Even something that seems super small like “I will focus on only one betting market this year” or “I will quit over-betting” can give your bottom line a significant boost.
Do not make more New Year’s betting resolutions than you are likely to be able to keep. Just make one or two to start with, and see how it goes. You may be surprised by what a difference keeping even just one New Year’s resolution can make.
Share Your Resolutions if it Helps – Keep Them to Yourself if it Doesn’t
When you make a New Year’s resolution, do you usually share it with family and friends, or keep it to yourself?
The decision you make with respect to sharing your resolutions could have an impact on how successful you are following through on them.
If it helps you too have an accountability partner, sharing your resolutions is a good idea. You can check in regularly to share your progress, and ask your accountability partner to periodically ask you how you are doing if you do not check in.
Sometimes, it can also be helpful to make a resolution with someone else. Perhaps one of your friends is also into sports betting, and has similar long-term goals as you do.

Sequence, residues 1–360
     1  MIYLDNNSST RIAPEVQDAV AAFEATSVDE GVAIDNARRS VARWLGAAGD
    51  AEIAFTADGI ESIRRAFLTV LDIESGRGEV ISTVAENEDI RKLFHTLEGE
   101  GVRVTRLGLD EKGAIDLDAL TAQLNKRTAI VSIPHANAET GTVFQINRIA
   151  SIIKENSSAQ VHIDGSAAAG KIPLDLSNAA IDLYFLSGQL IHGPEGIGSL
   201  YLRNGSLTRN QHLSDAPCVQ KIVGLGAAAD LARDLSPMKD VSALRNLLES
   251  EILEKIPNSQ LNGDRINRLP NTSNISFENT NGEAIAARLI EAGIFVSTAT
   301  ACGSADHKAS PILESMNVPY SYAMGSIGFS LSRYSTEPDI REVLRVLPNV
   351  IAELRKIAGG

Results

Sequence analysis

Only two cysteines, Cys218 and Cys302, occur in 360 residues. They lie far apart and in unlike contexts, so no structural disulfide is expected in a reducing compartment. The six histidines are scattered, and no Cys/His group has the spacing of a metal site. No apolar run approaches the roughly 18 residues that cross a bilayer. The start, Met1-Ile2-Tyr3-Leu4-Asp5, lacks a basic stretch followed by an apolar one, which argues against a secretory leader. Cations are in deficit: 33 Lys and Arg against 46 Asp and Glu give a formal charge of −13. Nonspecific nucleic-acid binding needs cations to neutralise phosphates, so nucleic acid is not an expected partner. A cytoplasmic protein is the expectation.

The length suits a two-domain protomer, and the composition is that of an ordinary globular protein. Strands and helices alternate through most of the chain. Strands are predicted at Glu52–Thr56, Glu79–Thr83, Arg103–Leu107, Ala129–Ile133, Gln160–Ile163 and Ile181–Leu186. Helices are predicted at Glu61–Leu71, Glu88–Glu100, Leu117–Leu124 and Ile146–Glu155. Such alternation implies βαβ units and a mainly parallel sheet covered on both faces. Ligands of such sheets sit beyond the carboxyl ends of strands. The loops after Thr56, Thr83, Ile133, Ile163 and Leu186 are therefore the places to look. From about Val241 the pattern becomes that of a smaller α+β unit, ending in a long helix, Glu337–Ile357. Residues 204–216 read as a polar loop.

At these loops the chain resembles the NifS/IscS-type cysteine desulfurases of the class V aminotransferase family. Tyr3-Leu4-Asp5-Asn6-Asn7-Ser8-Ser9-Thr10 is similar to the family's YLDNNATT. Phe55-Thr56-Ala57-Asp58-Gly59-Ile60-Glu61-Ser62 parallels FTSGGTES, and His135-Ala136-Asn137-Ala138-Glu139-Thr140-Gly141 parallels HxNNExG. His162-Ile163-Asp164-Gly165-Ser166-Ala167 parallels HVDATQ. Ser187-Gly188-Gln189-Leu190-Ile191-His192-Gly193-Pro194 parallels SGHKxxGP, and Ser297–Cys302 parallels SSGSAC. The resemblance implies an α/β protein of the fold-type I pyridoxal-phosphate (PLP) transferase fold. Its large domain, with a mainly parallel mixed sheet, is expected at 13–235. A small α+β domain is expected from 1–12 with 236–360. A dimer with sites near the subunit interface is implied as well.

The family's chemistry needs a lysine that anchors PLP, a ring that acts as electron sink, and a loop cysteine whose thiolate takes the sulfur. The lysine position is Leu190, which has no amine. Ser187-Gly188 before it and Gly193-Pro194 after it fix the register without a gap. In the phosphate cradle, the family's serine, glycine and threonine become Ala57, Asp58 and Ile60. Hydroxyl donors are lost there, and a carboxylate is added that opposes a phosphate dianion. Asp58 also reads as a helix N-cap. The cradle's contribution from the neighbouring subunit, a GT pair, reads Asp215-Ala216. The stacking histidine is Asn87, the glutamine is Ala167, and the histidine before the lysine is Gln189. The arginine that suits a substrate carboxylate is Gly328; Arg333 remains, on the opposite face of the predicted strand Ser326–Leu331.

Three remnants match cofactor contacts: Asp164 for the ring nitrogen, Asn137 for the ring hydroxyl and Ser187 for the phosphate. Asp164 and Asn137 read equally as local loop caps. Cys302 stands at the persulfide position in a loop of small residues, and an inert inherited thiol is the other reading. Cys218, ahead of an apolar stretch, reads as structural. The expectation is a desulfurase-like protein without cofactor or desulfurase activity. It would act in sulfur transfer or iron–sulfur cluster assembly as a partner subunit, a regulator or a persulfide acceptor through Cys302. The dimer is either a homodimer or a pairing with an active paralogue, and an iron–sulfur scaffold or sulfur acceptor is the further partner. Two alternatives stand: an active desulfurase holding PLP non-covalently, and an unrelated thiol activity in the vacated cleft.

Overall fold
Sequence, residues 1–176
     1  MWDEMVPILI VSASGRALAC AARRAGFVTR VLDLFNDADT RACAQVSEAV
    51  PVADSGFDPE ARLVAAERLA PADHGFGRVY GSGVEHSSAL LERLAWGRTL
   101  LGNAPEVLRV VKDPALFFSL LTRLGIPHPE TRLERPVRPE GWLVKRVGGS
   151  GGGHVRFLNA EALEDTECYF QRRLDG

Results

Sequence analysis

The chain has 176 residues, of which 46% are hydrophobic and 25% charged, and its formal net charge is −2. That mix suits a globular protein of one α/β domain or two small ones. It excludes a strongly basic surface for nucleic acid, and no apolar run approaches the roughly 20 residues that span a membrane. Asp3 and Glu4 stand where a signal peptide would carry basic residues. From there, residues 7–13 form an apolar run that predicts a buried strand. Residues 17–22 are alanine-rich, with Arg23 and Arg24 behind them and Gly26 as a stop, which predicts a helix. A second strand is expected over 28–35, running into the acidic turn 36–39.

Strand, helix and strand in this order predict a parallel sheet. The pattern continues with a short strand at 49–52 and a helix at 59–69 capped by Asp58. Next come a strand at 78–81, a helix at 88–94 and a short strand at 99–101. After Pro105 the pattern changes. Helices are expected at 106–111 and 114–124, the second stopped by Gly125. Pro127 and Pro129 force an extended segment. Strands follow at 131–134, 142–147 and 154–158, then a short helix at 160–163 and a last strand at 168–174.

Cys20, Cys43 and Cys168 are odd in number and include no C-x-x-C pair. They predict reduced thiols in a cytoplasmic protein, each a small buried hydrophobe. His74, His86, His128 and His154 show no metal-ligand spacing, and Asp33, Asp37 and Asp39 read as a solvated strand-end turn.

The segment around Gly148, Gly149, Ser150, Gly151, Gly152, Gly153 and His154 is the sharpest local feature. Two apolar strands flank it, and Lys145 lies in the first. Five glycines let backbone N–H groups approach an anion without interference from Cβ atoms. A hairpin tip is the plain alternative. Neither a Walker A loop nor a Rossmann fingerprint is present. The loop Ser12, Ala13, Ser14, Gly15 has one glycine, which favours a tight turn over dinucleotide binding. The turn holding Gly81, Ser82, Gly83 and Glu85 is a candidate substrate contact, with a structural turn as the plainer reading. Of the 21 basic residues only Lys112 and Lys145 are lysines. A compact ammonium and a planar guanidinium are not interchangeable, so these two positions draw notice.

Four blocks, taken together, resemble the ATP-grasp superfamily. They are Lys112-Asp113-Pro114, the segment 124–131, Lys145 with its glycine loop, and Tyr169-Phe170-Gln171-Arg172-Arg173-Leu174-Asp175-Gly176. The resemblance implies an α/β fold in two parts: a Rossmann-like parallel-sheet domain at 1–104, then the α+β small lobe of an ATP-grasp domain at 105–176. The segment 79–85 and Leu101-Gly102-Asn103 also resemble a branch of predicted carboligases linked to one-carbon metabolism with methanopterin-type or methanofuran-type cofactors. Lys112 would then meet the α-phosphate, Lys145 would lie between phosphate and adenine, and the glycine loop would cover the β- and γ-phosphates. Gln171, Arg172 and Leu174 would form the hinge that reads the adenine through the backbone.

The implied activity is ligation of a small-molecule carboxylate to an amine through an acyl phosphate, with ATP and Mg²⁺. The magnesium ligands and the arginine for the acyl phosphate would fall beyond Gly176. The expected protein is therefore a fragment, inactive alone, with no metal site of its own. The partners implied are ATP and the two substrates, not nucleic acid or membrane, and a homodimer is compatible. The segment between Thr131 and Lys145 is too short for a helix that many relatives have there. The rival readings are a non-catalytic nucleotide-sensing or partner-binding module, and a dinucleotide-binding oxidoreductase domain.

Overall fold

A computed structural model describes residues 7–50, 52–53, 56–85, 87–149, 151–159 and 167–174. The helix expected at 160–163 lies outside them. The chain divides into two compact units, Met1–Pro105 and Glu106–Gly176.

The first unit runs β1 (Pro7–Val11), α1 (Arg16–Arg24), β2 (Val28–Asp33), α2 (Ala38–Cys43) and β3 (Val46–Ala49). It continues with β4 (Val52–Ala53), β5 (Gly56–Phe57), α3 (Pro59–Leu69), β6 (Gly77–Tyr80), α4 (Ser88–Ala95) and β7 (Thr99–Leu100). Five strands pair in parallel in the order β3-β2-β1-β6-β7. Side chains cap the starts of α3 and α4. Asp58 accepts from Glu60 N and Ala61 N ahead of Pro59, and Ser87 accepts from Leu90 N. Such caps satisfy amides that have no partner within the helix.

Maybe you both have difficulties with the same aspects of betting, and can both resolve together to make certain changes.
For example, maybe you both want to spend more time studying and testing strategies. You could resolve to do so together each weekend for a few hours.
Each of you will help keep the other focused. Plus, the social dimension of your study sessions can make the entire experience more enjoyable. That gives you more motivational fuel.
Additionally, you will be able to relate to each others’ challenges, and can lift each other up if either of you are getting discouraged.
On the flip side, maybe you are someone who finds you talk too much about your resolutions.